FOMC, ECB, RBA Meetings: What is Priced in?

The Federal Reserve, European Central Bank and the Reserve Bank of Australia have monetary policy meetings scheduled this week and some investors expect these central banks to change monetary policy. Here’s what the market is pricing in according to interest rate futures. You can compare them with the Central Bank expectations back in September. What is interesting is that the market does not expect the ECB to cut interest rates this year even though many economists predict a 50bp cut in December.

FED – Nada for 2011 and 2012

ECB – 25bp rate cut by July (sharp upgrade from Sept when rate cut expected in Dec)

BOE – Nada for 2011 and 2012 but slight shift to dovish bias

BOC – Rate Cuts now expected in 2012, down from rate hike by April

RBA – 25bp Rate cut by Dec – upgrade from 100bp by year end

RBNZ – No Major Changes, Rate Hike Expected July 2012

And here are the details:

What Investors Expect Central Banks to Do in 2011 and 2012

Central Bank Interest Rate Expectations can and do change based upon economic and market developments. The last time I provided updated CB expectations was in July (yes, I apologize for being tardy) but since then we have seen major changes in investors expect central banks to do this year and next.

Here are the cliff notes

FED – Nada for 2011 and 2012

ECB – 25bp rate cut by Dec?! (In July no rate hike or cut was expected for 2011 and 1H2012)

BOE – Nada for 2011 and 2012 but slight shift to dovish bias

BOC – Rate Cuts now expected in 2012, down from rate hike by April

RBA – Major Rate Cuts Expected – 100bp by year end?!

RBNZ – No Major Changes, Rate Hike Expected March 2012

And here are the details:

BNN Video – Fed’s Options

I was on BNN last night talking about the Fed’s options at Jackson. Click on the link to watch the video:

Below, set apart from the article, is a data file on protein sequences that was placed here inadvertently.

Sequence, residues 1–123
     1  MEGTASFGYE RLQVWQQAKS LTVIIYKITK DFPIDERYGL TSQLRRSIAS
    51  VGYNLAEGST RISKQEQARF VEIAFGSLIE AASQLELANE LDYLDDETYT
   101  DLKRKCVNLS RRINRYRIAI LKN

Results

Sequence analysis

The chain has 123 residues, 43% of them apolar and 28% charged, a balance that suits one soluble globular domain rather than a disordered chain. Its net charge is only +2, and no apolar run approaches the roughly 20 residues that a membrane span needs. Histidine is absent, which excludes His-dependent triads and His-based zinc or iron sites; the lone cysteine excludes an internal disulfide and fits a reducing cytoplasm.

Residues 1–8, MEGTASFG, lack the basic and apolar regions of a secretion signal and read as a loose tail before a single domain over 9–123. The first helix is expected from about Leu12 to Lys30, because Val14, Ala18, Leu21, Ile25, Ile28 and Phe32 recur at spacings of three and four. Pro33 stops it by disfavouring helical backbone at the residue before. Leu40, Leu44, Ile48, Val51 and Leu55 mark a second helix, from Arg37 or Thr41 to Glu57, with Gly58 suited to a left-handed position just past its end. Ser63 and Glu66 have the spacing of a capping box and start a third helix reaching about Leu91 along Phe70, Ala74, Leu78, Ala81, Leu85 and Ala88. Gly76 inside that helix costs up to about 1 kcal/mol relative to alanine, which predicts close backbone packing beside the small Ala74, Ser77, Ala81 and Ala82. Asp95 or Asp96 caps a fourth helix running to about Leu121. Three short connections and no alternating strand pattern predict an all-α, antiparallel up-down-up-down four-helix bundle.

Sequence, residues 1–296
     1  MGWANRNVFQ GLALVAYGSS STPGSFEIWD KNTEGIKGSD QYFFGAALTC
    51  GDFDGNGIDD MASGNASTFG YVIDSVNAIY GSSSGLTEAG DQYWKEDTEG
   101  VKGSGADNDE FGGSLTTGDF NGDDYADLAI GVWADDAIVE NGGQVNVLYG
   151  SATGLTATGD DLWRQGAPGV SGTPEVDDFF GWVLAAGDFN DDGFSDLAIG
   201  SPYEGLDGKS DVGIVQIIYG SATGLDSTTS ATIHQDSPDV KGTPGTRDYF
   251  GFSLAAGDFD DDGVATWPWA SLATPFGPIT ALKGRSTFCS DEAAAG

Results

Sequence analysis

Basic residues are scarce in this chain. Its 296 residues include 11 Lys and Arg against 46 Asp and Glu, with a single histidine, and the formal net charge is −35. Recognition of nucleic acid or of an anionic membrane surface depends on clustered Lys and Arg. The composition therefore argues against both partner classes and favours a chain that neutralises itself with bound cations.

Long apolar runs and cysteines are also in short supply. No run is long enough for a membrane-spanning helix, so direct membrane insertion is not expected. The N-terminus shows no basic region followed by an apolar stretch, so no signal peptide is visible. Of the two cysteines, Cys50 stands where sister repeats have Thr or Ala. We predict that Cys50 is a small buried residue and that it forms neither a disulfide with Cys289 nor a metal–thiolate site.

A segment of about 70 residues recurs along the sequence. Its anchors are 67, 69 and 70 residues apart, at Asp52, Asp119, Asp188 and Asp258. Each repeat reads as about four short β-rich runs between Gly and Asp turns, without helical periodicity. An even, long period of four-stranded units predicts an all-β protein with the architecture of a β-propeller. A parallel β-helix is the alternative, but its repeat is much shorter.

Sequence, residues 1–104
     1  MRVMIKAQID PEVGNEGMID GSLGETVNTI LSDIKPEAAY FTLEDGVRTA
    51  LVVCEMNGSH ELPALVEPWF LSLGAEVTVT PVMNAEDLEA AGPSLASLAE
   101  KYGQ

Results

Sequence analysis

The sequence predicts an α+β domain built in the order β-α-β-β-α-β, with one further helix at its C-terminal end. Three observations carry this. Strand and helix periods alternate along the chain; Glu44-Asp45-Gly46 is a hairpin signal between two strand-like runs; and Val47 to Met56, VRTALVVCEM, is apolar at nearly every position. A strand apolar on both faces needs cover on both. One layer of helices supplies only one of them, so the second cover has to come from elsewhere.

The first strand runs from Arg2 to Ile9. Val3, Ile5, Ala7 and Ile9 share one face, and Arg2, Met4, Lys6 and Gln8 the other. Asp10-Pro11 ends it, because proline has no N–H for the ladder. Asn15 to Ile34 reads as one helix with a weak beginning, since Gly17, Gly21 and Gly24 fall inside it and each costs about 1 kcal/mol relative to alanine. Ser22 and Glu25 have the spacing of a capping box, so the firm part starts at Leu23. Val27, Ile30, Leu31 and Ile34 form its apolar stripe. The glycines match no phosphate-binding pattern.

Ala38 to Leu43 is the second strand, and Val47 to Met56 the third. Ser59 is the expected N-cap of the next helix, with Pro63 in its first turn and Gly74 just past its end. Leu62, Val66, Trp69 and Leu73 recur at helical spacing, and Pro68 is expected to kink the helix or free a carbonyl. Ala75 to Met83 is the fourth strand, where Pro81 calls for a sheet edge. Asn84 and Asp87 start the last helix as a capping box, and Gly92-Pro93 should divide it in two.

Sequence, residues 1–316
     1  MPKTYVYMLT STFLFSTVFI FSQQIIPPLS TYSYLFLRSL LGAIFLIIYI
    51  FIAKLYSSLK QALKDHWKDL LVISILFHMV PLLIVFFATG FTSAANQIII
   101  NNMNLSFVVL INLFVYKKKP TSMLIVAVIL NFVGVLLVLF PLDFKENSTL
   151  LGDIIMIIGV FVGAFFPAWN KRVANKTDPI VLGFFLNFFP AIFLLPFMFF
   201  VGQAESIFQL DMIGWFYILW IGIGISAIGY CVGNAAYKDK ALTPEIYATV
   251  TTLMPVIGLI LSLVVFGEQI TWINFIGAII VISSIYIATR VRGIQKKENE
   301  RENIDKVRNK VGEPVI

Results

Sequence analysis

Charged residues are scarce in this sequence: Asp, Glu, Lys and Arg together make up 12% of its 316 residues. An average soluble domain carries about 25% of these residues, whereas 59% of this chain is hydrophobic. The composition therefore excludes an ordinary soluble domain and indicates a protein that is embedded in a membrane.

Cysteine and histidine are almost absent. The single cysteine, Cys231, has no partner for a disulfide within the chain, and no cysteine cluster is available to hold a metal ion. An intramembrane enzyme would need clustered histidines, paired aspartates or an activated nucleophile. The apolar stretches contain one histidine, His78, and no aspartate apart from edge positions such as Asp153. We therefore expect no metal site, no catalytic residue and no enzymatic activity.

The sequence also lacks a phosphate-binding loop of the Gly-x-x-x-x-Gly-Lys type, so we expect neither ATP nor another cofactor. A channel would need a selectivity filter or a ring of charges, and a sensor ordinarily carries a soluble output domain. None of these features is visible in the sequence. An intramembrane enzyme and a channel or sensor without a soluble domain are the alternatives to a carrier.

From the most flimsy to the most aggressive, here are 5 of the Fed’s options:

1. “We are also worried” – If the Fed opts to do nothing more than express their concern about the economy and give an ambiguous pledge to do all that is necessary, investors will be sorely disappointed.

2. Extends 2013 pledge to Securities Portfolio – When the Fed met earlier this month, they tweaked the extended language sentence of their FOMC statement to say that the Fed Funds rate would remain at exceptionally low levels at least through mid 2013. They can opt to extend this pledge to their securities portfolio which leaves open the door to QE3 without explicitly initiating it.

3. Operation Twist – The Fed could also bring back a tool used in the 1960s that twisted the yield curve by selling short term bonds and buying longer term bonds. This would drive short term yields up and long term yield down which effectively extends the maturity of their securities portfolio without increasing the balance sheet. This would be a more aggressive action than another language tweak (see #2).

4. Reduce Interest on Reserves to ZIRP – The central bank could also cut the interest paid on reserves from 0.25 percent to 0 percent or cut swap line rates in order to bring down the tremendous amount of liquidity.